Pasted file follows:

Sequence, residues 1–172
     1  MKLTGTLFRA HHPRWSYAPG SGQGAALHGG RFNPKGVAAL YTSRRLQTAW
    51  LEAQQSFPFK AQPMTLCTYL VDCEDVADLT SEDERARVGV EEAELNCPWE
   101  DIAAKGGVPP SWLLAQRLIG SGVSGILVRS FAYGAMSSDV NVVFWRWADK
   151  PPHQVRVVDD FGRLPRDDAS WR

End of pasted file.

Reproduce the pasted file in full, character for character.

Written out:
Sequence, residues 1–172
     1  MKLTGTLFRA HHPRWSYAPG SGQGAALHGG RFNPKGVAAL YTSRRLQTAW
    51  LEAQQSFPFK AQPMTLCTYL VDCEDVADLT SEDERARVGV EEAELNCPWE
   101  DIAAKGGVPP SWLLAQRLIG SGVSGILVRS FAYGAMSSDV NVVFWRWADK
   151  PPHQVRVVDD FGRLPRDDAS WR